Bioware Is Not Your Bitch (Yet)

George R.R. Martin is by all accounts a great fantasy author, and his lengthy work A Song of Ice and Fire is considered by many as one of — if not the — premiere fantasy series of the past decade and a half. Unfortunately for his fans, the latest book in the series, A Dance With Dragons, has been ‘forthcoming’ for five years now. This has led to increasing discontent among readers, and as Wikipedia concisely puts it, “The delays surrounding A Dance with Dragons have polarized some of Martin’s fan base, questioning his commitment to finishing the series.”

A year and a half back, a fan of Martin by the name of ‘Gareth’ wrote another extremely famous sci-fi/fantasy author, Neil Gaiman, asking if Martin’s long hiatus was professional and if it was appropriate to feel anger or disappointment with the delay. Most relevant to this here post was one of the questions Gareth posed:

With blogs and twitter and other forms of social media do you think the audience has too much input when it comes to scrutinising the actions of an artist? If you had announced a new book two years ago and were yet to deliver do you think avoiding the topic on your blog would lead readers to believe you were being “slack”? By blogging about your work and life do you have more of a responsibility to deliver on your commitments?

Gaiman’s summed up his response in six words: “George R.R. Martin is not your bitch.” An artist, Gaimain continued, works at his own time and has entered no binding contract to meet the demands of his fan base. Put another way, the purchase of the first book in a series does not obligate the artist to finish said series.

This past week, there’s been some (alot? an insignificant amount? I can never really tell) of hubbub concerning Bioware’s The Old Republic. A post in the TOR forums, “Engaging The Community: Good or Bad?“, has grown to 19 pages, with Massively bringing further attention to it. The initial poster, one DroidLife, shared his concern about the ‘secrecy’ and ‘silence’ surrounding TOR:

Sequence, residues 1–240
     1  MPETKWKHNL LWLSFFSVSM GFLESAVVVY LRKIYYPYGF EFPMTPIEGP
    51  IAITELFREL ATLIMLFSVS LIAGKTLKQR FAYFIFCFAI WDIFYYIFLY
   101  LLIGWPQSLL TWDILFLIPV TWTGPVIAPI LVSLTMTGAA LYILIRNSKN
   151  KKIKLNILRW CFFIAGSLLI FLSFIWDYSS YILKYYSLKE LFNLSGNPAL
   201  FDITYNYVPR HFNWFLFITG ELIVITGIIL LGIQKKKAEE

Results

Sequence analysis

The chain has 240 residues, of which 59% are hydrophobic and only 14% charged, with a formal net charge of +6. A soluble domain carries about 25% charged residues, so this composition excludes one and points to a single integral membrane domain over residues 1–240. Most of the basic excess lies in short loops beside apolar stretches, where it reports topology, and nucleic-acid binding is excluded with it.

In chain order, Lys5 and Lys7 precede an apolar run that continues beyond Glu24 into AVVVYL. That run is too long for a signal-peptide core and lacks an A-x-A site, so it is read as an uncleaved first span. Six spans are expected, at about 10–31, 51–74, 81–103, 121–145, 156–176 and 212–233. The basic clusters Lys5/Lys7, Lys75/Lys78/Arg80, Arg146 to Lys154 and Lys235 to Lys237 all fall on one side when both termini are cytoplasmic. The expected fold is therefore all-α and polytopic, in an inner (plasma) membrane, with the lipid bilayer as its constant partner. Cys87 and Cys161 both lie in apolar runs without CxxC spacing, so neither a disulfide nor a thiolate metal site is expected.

I stumbled across this blog by Luke Halliwell where he talks about the reasons for the All Points Bulletin catastrophe, and one major point he is making is that the attitude towards engaging the outside world during the development process was severely lacking.

I feel there is to much silence on these forums and fear that the same culture of secrecy dominates the TOR team. I wonder if it is not better to engage the potential consumers to a greater degree and show off elements of the game more often than to withhold information out of fear of showing things before they are “perfect”.

There is talk of a spring release, and still we have yet to see any lenght of actuall game play or insight into how the game is going to work.

The argumentation seems to go something like: “A failed MMO has been accused of failing because of secrecy. In my unilateral opinion, TOR is engaged in a similar form of secrecy. Ergo, the chance of TOR failing as an MMO increases in direct proportion to the length of time this secrecy continues.”

I have some issues with this line of reasoning. There is a latent assumption that 1) APB’s failure can be monocausally traced back to alleged ‘developer secrecy’, that 2) Bioware is doing the exact same ‘secrecy’ thing (which is debatable), and 3) that — and this is really the whole foundation upon which this argument is based — secrecy, i.e. not providing ‘enough’ information (whatever ‘enough’ might be), is inherently bad.